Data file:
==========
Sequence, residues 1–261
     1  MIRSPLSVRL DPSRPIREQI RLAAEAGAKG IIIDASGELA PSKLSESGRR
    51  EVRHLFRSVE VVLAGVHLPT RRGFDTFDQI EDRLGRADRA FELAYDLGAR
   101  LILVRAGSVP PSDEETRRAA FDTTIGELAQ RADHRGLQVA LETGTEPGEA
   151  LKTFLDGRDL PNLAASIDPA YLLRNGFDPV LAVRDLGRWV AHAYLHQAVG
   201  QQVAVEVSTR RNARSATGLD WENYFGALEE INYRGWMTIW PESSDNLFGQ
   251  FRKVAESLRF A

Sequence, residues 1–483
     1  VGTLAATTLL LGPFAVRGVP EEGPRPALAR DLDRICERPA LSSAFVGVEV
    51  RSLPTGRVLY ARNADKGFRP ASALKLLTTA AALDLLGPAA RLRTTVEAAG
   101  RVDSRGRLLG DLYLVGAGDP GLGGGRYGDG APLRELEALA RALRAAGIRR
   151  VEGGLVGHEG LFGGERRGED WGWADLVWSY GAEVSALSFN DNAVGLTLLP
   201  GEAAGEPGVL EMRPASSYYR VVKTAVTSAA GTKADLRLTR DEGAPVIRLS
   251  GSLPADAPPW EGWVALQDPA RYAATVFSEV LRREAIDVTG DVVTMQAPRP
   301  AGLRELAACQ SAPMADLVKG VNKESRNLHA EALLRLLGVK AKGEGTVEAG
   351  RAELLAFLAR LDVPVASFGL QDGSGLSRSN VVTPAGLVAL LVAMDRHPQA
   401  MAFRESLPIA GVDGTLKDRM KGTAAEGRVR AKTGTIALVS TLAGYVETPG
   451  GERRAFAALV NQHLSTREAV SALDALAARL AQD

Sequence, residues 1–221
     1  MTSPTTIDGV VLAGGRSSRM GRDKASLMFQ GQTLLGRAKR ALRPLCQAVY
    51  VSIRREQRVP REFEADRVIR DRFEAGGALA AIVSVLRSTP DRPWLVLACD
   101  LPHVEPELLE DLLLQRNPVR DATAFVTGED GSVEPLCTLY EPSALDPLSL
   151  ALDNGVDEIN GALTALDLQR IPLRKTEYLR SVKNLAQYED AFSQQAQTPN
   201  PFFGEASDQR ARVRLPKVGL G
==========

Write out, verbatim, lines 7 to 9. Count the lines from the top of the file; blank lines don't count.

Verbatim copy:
   251  FRKVAESLRF A

Sequence, residues 1–483
     1  VGTLAATTLL LGPFAVRGVP EEGPRPALAR DLDRICERPA LSSAFVGVEV